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Research centre finds sit-in dispersal adhered to international standards - Daily News Egypt

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Research centre finds sit-in dispersal adhered to international standards

Ibn Khaldun Center outlines 14 August dispersal process

Police and protestors clash on August 14 Nasr Road outside of Rabaa, the day the sit-ins were dispersed
Police and protestors clash on August 14 Nasr Road outside of Rabaa, the day the sit-ins were dispersed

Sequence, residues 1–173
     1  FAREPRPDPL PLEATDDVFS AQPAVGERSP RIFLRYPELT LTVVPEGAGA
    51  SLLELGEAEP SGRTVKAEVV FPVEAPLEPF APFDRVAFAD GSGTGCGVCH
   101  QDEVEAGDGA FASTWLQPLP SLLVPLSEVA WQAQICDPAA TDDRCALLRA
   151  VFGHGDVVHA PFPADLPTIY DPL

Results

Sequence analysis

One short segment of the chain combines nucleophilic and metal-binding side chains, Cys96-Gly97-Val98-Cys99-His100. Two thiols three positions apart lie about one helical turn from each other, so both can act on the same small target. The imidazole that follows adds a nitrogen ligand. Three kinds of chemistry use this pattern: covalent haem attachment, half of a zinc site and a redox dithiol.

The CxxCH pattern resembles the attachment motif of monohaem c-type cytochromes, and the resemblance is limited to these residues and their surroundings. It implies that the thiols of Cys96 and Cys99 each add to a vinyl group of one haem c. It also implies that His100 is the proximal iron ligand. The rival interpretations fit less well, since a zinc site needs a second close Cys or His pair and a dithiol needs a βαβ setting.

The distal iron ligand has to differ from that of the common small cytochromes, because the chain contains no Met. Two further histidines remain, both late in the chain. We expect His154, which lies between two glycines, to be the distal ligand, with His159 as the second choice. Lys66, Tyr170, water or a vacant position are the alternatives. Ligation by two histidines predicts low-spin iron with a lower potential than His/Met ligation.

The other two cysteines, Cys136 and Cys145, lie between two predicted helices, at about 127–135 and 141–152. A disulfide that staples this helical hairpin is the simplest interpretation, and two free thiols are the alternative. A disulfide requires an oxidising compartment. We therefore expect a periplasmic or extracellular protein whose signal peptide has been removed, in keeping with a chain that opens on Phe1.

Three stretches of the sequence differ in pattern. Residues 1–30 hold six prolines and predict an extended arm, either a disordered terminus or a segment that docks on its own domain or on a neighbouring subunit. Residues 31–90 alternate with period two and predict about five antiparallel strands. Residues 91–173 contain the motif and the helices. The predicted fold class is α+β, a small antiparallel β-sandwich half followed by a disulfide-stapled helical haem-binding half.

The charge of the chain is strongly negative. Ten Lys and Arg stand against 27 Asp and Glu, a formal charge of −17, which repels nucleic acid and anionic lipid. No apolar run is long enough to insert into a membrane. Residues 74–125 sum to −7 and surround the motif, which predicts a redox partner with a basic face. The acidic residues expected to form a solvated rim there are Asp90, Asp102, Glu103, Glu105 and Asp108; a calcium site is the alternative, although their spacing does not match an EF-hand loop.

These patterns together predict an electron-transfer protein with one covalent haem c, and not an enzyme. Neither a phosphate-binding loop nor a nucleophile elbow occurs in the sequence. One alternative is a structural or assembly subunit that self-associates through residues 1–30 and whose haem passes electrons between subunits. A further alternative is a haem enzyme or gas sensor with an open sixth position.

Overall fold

Egypt’s police and armed forces were fully committed to international human rights standards during the 14 August break up sit-ins at Rabaa Al-Adaweya and Al-Nahda Square, according to a report published by Ibn Khaldun Center for Development Studies on Thursday. According to the Ibn Khaldun Center, a Cairo-based research centre focusing on human rights, the sit-ins had become home to terrorists as well as “weapons stashes” and “dens of torture.”  The report cited 44 cases of torture, including 22 cases of fatal torture, and failed negotiations as reasons for the Ministry of Interior to act. The report outlined six progressive steps taken by the Egyptian government and the Ministry of Interior to disperse the sit-ins. These steps, it argues, fall in line with both the International Covenant on Civil and Political Rights and the United Nation’s Code of Conduct for Law Enforcement officials.  Both of these international agreements recognise the right for peaceful protest, but condone forceful dispersal “if other means are ineffective,” and national security is in jeopardy. The report indicated that the police and government took steps to ensure the safe exit of protesters before more drastic steps were taken.  These steps included 41 days of negations involving both Egyptian leaders and international mediators.  When negotiations failed, low-flying aircraft with loudspeakers flew over the sit-ins giving verbal warnings for protesters to vacate. On the morning of the dispersal protesters were offered safe exit from the sit-ins, according to the Ibn Khaldun Center.  Protesters in Rabaa were free to leave via Al-Nasr Road, and protesters in Nahda could leave via Giza Square. At this point police used bulldozers to clear barricades and allow security forces to enter the sit-ins.  According to the report, police gradually escalated the operation, and only used non-lethal force: water cannons, tear gas and shotguns aimed to harm but not kill. The Center claims that protesters used machine guns and Molotov cocktails against security forces at the sit-ins, resulting in the deaths of police officers. The Ibn Khaldun Center directly contradicts a report by Human Rights Watch, the international human rights watchdog organisation, which said Egyptian police quickly resorted to lethal force against the “vast majority of protersters [who] were unarmed.” HRW described it as “the most serious incident of mass unlawful killings in modern Egyptian history.” The Ibn Khaldun Center report acknowledged the difficulty in determining the exact number of deaths during the dispersal, relying on the Forensic Medical Authority for its numbers.  As of 19 August, 1,068 bodies had arrived at the state-run Dar Zenhom mosque to be autopsied.  Compiled independent sources have put the death toll at 1,666. Tarek Zaghoul deputy head of Egyptian Organization for Human Rights (EOHR), an Egyptian non-governmental organisation in cooperation with the UN, agreed with the Ibn Khaldun report. “The EOHR sent observers to monitor the sit-in dispersal, and the police adhered to international standards.  They first surrounded the sit-ins, and then used microphones to call on protesters to leave.  Police then used tear gas, but no firearms. “Our monitors observed torture and the capture of policemen at the sit-ins,” said Zaghoul.  “It was clear they had weapons during the dispersal.” Zaghoul said the number of protester deaths at the sit-in did not exceed 200 people. “We expected more losses,” said Zaghoul.  “For those who say there were more than 800 deaths, we call on them to present their forensic reports.” The Ibn Khaldun Center for Development Studies was founded in Cairo in 1985 by Saad Eddin Ibrahim, a former sociology professor at The American University in Cairo and a founding member of former presidential candidate Ahmed Shafiq’s Egyptian Patriotic Movement political party. Additional reporting by Rana Muhammad Taha

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